To obsess

To devote

To choose

One point or another.

The interaction is the same.

 

The world, though

Is not an exercise in theory.

Is not a mere possibility.

And if a theorist would compute

An experiment

A probability

 

He must pick and choose

Obsess and devote

Label his interactions with zeroes and infinities

 

Because there is more to life

Than just the shapes of things

Than just topology.

 

Valentine’s Day Physics Poem 2015

In the third installment of an ongoing tradition (wow, this blog is old enough to have traditions!), I present 2015’s Valentine’s Day Physics Poem. Like the others, I wrote this one a long time ago. I’ve polished it up a bit since.

 

Perturbation Theory

 

When you’ve been in a system a long time, your state tends to settle

Time-energy uncertainty

That unrigorous interloper

Means the longer you wait, the more fixed you are

And I’ve been stuck

In a comfy eigenstate

Since what I might as well call t=0.

 

Yesterday though,

Out of the ether

Like an electric field

New potential entered my Hamiltonian.

 

And my state was perturbed.

 

Just a small, delicate perturbation

And an infinite series scrolls out

Waves from waves from waves

It’s a new system now

With new, unrealized energy

And I might as well

Call yesterday

t=0.

 

Our old friend

Time-energy uncertainty

Tells me not to change,

Not to worry.

Soon, probability thins

The Hamiltonian pulls us back

And we all return

Closer and closer

To a fixed, settled, normal state.

 

This freedom

This uncertainty

This perturbation

Is limited by Planck’s constant

Is vanishingly small.

 

Yet rigor

        And happiness

                Demand I include it.

Caltech Amplitudes Workshop, and Valentines Poem 2014

This week’s post will be a short one. I’m at a small workshop for young amplitudes-folks at Caltech, so I’m somewhat busy.

(What we call a workshop is a small conference focused on fostering discussion and collaboration. While there are a few talks to give the workshop structure, most of the time is spent in more informal discussions between the participants.)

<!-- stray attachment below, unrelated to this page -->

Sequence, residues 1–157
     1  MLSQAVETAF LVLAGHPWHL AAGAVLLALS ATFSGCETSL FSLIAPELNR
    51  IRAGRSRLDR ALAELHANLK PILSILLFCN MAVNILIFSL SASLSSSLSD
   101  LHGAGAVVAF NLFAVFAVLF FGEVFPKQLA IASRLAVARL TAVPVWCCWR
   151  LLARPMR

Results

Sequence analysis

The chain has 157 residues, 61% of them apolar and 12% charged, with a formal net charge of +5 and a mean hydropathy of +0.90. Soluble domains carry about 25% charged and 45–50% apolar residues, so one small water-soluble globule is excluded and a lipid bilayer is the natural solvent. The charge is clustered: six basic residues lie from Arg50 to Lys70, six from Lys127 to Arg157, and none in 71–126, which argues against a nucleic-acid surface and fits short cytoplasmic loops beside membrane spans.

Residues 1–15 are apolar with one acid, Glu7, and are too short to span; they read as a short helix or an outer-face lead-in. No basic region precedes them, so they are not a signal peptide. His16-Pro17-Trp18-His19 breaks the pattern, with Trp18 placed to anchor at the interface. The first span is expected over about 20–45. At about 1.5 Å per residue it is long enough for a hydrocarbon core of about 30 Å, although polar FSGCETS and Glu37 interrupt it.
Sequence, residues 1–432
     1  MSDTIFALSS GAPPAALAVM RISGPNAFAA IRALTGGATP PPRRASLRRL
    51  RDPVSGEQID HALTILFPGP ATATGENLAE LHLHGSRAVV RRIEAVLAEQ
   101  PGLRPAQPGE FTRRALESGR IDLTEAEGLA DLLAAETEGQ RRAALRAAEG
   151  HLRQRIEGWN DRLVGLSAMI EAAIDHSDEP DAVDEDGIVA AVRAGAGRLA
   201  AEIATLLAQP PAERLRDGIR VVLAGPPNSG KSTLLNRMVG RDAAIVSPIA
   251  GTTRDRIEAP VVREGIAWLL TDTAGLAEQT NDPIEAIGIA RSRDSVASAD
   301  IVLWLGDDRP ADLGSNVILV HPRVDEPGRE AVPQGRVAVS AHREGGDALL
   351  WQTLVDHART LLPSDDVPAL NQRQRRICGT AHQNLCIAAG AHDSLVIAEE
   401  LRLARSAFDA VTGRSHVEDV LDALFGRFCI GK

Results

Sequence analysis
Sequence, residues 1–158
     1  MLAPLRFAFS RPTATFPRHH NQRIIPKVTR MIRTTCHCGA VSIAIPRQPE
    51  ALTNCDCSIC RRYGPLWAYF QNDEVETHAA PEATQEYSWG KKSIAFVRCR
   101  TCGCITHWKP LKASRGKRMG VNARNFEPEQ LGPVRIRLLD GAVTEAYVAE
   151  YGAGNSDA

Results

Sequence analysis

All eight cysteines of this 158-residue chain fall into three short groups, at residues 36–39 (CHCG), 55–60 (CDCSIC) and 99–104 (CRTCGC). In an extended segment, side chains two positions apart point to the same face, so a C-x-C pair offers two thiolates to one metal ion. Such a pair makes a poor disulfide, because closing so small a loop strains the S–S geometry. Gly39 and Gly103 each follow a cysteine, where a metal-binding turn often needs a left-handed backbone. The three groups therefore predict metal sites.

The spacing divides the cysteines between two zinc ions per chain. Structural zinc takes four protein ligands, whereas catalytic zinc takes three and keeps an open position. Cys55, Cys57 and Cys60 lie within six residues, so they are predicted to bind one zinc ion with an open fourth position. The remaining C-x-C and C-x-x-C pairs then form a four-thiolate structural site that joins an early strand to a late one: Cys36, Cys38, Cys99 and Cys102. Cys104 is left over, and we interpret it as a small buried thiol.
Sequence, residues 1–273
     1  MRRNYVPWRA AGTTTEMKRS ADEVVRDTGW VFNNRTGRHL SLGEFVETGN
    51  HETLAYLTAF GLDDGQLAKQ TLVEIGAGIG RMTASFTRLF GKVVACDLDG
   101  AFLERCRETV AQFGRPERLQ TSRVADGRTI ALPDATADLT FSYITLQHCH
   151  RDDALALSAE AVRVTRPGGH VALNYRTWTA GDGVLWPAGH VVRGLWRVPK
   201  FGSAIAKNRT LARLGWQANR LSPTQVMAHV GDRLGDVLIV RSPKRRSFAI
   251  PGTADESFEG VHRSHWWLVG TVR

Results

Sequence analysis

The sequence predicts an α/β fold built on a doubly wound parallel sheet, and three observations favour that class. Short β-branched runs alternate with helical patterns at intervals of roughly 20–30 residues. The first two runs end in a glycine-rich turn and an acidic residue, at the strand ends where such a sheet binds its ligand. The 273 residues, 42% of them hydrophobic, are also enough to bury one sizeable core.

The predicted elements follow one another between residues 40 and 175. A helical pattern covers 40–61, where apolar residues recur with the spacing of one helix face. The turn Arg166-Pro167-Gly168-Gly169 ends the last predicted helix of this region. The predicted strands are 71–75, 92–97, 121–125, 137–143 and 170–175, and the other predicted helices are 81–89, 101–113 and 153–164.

There have been a lot of great talks, and a lot of great opportunities to bond with fellow young amplitudeologists. Also, great workshop swag!

Yes, that is a Hot Wheels Mars Rover

Yes, that is a Hot Wheels Mars Rover

Unrelatedly, to continue a tradition from last year, and since it’s Valentine’s Day, allow me to present a short physics-themed poem I wrote a long time ago, this one about the sometimes counter-intuitive laws of thermodynamics:

Thermodynamic Hypothesis

A cold object, like a hot one, must be insulated

Cut off from interaction

Immerse the subject in a bath of warmth

And I reach equilibrium

Valentine’s Day Physics Poem

In honor of Valentine’s Day, a physics-themed poem I wrote a few years ago, about unrequited love.

Measurement:

 

I once took a measurement

It was a simple, two-body problem,

Solvable. Not Poisson’s mess.

Two particles, drifting, perhaps entangled.

I wanted to know two things:

Position, and momentum:

Where they were, and where they might go.

 

I perturbed the system

Like a good scientist, I interacted, and observed,

Added input, caused change.

Then I knew their positions.

They became tightly entangled,

Bound together,

And there was no way of knowing

Any way they could change.

 

I should have remembered:

In quantum systems

The observer is always involved;

And a three-body problem

Has no solution.